Richard Warren

"Clearly I tap to you clearly along the plumbing of the world" (W S Graham)

Monthly Archives: May 2018

Memorial and no memorial

There’s a fair bit already on this site about waspish blond poet James Burns Singer, mostly via the “Transparent Prisoner” tabs above. Here’s a bit more.

From the late ‘fifties Burns Singer was based in Cambridge, where he married pioneering black psychologist, child psychotherapist and Fellow of Clare Hall, Marie Battle. In his intro to Singer’s 1970 Collected, W A S Keir notes that after the poet’s too early death in 1964 aged 36, his ashes were scattered at sea, but that “on 24th July 1966, a memorial stone was dedicated to his memory in Little St Mary’s Churchyard, Cambridge.” Anne Cluysenaar also mentions it in her intro to the 1977 Selected.

So where and what exactly is this memorial? On my first visit it avoided me, and I wondered if it had actually existed, or had been removed, though to be fair I was struggling to stay conscious in the teeth of a howling winter’s gale in March, which shortened my time shivering and poking about in the churchyard. When I asked afterwards, none of the kind people at St Mary’s (thank you, Christine Tipple) had any knowledge of it, but on my latest visit it finally revealed itself. In case anyone else wants to take a look, the memorial is on the left among the ranks of small stones set into the ground at the street end, which at first I’d assumed marked only burials of ashes. It’s worn and mottled, but it still reads:

TO THE MEMORY OF
JAMES BURNS SINGER
POET AND MARINE BIOLOGIST
1928 – 1964
AND HIS WIFE
MARIE BATTLE SINGER
PSYCHOANALYST
1910 – 1985

That’s a fine inscription. I’m not sure whether this is the original 1966 stone with an added bit, or a 1985 replacement, though I imagine the first. Who re-dedicated it to Marie Battle Singer, I wouldn’t know. My pics (click to enlarge) show the memorial and its location, and I’ll throw in an awkward selfie-with-stone for good measure. (Tricky angle.)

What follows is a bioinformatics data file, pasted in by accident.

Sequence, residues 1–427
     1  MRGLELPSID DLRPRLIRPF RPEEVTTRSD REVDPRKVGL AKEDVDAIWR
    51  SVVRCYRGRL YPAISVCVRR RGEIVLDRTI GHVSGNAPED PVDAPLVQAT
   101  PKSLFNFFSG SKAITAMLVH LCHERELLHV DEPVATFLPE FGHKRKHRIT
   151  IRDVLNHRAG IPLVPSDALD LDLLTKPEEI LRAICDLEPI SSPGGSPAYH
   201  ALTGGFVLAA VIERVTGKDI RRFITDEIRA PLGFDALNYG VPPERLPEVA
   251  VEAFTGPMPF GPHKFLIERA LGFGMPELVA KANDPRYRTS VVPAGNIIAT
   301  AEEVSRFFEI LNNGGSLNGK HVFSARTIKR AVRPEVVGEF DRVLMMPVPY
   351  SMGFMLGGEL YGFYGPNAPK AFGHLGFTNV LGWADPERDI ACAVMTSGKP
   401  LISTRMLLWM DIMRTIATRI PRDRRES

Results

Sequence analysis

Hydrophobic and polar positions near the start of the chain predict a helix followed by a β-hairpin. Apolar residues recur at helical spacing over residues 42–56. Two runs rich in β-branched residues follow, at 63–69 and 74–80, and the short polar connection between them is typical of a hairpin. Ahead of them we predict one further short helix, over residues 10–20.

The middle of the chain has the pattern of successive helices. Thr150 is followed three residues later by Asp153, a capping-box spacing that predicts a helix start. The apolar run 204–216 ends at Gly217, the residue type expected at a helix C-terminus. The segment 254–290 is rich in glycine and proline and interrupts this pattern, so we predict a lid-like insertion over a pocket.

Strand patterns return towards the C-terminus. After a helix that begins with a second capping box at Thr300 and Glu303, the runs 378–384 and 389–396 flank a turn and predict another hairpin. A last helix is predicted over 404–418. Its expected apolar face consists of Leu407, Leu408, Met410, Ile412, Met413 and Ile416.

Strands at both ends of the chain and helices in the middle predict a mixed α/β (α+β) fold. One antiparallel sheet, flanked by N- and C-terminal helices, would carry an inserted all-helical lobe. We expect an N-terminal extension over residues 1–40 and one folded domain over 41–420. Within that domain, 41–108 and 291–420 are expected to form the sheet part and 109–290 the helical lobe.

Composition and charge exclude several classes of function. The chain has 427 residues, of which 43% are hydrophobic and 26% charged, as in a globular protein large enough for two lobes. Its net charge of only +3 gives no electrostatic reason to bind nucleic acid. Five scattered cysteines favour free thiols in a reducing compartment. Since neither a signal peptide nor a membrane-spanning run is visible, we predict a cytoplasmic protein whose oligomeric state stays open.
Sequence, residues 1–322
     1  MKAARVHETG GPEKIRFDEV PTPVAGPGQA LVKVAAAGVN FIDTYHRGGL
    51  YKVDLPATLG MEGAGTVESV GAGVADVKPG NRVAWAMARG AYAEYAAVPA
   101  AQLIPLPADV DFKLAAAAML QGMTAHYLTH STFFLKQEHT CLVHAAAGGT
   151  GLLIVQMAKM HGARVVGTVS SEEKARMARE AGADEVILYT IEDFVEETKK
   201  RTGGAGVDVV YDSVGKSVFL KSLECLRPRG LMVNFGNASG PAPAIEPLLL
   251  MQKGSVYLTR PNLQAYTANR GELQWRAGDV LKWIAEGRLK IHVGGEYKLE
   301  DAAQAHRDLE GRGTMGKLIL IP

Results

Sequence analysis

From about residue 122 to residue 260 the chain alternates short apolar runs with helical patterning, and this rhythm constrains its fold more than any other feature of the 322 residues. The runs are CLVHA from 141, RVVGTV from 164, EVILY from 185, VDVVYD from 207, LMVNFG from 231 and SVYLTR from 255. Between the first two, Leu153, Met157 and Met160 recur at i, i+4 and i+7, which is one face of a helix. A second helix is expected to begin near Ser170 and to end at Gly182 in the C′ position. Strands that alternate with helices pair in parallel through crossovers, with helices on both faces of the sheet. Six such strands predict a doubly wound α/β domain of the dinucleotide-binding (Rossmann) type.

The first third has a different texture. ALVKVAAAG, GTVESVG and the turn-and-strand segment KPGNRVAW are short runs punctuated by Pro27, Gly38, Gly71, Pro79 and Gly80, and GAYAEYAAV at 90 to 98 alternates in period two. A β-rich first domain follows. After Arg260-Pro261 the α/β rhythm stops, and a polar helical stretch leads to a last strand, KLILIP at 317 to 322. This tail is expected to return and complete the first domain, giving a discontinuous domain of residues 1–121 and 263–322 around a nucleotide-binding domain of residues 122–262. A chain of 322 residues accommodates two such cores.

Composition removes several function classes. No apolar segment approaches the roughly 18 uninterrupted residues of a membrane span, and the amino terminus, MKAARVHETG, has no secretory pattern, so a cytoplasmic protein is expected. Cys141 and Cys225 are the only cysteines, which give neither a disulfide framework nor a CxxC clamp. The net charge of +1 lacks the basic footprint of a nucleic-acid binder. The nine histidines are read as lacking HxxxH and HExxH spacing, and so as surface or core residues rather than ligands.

I should dedicate this post, not that it’s anywhere near worthy of him, to another Cambridge poet, my friend Bill Bennett, who died, very sadly, three weeks ago.  Though he had edited the earliest editions of Perfect Bound, the influential ‘seventies “Cambridge school” poetry magazine, he was himself published surprisingly rarely. Nevertheless, he saw as a poet, wrote as a poet, and lived as a poet – and as much more too. An entirely remarkable man. No stone for him, just woodland, as it should be.

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Us and Mr Jones: the Roberts meet David

It’s a small world, and once it was even smaller. In Thomas Dilworth’s new biography of David Jones (scrupulously detailed and documented and full of interesting moments) I was surprised to find this:

[Robert] Buhler sent ‘quite a number’ of younger painters to see [David Jones], including Robert Colquhoun and Robert MacBryde, known as ‘the Roberts’. They were Glasgow Scots nationalists, openly homosexual, interesting talkers, fine storytellers, warm and charming, but usually too drunk, Jones found, to converse with properly. Liking his pictures and finding in them encouragement for their own
non-abstract work, ‘they were’, Buhler said, ‘mad about him’.

(There’s more on both Jones and the Two Roberts elsewhere on this site; use the tags – down on the right – and/or the two “Colquhoun and MacBryde” page tabs – up the top.)

This was in 1943, and is referenced to Dilworth’s interviews with the painter Robert Buhler in the ‘eighties. I was surprised because neither Jones nor Buhler show up at all in Roger Bristow’s fine book on the Roberts, The Last Bohemians, nor in the ‘forties chapter (by Patrick Elliott and Adrian Clark) in the National Galleries Scotland picture book of the Roberts’ 2014 show.

 

But this meeting does make sense, at least to the extent that Jones and the Roberts can be seen to share certain concerns: a folkloric sensibility, forms of Celtic heritage, the supreme value of the drawn line. In other important respects – colour, texture – they seem poles apart, but the heavy post-Picasso angularity of the Roberts’ work from about 1945 onwards was yet to come, and at this time it still employed a certain Palmerish fluidity of which Jones would have approved.

John Davenport by Robert Buhler